- Associated Press - Wednesday, November 5, 2014

ST. PAUL, Minn. (AP) - With open enrollment just 10 days away, officials racing to get Minnesota’s health insurance exchange ready for its second act said Wednesday that there are risks ahead and they’ll need all the remaining time for final testing.

Jesse Oman, assistant commissioner with the state information technology agency MN.IT, gave the MNsure board its final update on system readiness before open enrollment begins Nov. 15.

“This is a high-risk project from Day One and remains a high-risk project and will be so until we go live,” Oman said. “… All of our resources at this point are 24/7, heads down, focused on being able to deliver a quality product and the best consumer experience that we can.”

MNsure got off to a rocky start in its inaugural open enrollment period last year due to serious technical glitches, though it helped reduce the ranks of Minnesota’s uninsured by an estimated 40 percent. About 365,000 people have enrolled in coverage since last October to comply with the mandates of the federal Affordable Care Act. Most qualified for the publicly funded Medical Assistance and MinnesotaCare programs for lower-income people, but the customers also included nearly 56,000 people who enrolled in plans through private insurance carriers via MNsure. Getting them to re-enroll is a major focus of the upcoming campaign.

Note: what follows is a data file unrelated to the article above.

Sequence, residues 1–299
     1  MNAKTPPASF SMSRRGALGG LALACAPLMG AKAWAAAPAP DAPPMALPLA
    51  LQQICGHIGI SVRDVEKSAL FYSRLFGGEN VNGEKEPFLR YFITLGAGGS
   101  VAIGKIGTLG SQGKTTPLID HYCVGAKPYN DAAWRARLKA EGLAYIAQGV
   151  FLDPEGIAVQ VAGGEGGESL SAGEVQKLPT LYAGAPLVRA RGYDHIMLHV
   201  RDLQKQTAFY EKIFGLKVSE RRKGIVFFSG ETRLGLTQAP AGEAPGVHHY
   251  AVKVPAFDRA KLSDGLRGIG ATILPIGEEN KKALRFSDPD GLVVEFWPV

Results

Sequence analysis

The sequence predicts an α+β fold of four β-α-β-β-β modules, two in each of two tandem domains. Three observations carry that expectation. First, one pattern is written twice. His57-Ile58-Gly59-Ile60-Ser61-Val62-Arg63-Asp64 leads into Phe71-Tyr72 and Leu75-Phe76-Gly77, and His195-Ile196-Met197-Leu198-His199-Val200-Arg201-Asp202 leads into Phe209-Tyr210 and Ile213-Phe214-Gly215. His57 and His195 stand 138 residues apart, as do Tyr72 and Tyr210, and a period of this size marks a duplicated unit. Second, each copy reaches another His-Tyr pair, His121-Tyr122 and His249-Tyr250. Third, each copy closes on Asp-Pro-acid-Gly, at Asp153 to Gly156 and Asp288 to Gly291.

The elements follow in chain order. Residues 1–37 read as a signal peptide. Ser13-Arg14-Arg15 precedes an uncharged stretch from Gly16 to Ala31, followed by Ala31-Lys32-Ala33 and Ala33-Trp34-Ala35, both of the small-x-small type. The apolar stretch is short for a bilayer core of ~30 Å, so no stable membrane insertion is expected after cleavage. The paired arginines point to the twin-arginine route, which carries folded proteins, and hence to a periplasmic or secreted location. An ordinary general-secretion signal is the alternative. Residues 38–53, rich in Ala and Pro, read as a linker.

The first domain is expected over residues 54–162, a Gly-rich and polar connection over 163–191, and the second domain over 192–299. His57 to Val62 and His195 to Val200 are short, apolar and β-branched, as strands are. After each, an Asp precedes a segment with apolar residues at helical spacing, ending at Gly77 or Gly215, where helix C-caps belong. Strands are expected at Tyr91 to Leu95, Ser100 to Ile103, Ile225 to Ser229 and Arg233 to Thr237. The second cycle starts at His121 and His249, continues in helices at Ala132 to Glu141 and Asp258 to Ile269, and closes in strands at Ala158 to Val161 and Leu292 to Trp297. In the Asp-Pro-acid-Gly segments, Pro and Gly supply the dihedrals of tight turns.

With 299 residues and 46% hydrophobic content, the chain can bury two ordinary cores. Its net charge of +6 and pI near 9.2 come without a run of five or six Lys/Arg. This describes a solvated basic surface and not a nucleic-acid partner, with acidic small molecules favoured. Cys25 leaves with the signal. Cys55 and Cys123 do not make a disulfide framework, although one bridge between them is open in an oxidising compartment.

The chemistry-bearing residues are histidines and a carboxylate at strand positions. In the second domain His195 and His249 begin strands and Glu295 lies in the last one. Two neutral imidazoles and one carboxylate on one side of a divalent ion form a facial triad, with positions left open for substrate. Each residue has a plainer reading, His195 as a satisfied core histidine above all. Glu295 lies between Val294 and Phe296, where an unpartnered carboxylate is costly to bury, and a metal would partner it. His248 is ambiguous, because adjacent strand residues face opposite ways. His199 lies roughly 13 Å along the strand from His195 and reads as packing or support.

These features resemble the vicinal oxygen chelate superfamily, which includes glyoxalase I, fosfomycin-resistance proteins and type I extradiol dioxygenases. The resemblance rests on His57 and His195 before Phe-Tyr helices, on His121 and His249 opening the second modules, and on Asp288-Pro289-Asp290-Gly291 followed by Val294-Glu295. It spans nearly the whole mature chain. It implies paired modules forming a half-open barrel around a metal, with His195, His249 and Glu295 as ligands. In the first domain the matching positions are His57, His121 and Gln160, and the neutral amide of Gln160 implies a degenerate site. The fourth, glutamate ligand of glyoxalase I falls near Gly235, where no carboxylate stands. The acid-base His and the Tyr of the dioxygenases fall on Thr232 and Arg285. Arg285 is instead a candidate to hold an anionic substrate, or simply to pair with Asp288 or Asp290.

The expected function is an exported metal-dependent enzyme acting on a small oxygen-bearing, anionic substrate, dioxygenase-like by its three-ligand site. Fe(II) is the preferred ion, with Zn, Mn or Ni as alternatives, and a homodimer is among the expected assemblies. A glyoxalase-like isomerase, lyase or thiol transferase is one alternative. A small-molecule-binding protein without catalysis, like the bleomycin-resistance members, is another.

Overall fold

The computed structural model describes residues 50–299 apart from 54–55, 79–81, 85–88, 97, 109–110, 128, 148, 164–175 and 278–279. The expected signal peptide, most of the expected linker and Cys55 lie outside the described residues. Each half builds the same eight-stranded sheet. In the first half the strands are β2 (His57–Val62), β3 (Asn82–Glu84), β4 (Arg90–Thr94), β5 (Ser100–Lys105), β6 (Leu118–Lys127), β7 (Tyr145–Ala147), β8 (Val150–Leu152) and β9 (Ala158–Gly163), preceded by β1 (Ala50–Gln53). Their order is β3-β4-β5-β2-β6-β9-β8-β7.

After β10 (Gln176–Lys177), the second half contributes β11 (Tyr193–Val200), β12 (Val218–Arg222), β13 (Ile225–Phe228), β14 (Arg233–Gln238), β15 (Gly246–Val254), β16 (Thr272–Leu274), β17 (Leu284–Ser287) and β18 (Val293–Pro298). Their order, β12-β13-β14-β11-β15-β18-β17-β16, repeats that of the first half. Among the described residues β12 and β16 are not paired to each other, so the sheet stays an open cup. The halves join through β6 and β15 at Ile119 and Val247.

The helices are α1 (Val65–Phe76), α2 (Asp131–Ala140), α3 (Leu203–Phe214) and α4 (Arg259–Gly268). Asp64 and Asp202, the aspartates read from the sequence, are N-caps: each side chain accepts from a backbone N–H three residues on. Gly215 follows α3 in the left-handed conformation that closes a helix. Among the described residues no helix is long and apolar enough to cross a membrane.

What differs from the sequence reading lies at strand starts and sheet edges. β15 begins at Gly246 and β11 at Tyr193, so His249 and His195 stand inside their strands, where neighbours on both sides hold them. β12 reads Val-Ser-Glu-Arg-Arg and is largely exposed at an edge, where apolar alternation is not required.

Brian Keane of Deloitte Consulting, which MNsure brought in to fix the system earlier this year, said the extensive testing before and after a new release of computer code in a few days will have to continue right up until when consumers start comparison shopping again.



“We’re optimistic at this point that we can get through that, but there’s just no guarantee,” Keane said.

MNsure officials are stressing the message that consumers shouldn’t simply allow their carriers to automatically renew them in their old plans, which will happen if they do nothing. CEO Scott Leitz told the board those consumers should all return to the MNsure website during open enrollment “for one simple reason - to get the best deal possible.”

PreferredOne, which landed 59 percent of sign-ups in private plans last time around with some of the lowest premiums in the country, has pulled out of the exchange for 2015, which means most consumers are expected to pay more next year. But Leitz said new plans with new options will be available, and more people will qualify for tax credits to help defray the costs.

“Taking some time to shop and compare is critical,” said Allison O’Toole, MNsure’s deputy director for external relations.

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